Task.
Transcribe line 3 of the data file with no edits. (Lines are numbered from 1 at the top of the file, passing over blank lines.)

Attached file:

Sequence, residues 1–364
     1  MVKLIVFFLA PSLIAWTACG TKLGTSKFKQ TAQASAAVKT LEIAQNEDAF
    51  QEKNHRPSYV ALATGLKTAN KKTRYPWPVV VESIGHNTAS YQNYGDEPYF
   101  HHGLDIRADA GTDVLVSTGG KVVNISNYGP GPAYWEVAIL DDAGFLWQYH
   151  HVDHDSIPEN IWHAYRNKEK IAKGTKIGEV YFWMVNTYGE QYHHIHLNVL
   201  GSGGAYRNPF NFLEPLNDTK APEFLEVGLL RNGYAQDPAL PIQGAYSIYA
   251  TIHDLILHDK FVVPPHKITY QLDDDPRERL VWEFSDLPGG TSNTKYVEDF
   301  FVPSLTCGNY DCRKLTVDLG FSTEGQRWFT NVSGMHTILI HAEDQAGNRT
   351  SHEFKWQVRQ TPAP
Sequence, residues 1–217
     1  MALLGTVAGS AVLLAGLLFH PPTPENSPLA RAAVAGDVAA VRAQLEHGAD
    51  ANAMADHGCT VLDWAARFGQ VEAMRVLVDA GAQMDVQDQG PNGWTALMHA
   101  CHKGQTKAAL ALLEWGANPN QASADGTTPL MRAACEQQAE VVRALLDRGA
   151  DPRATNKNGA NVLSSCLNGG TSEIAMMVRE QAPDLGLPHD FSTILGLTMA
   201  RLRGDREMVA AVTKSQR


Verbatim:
    51  QEKNHRPSYV ALATGLKTAN KKTRYPWPVV VESIGHNTAS YQNYGDEPYF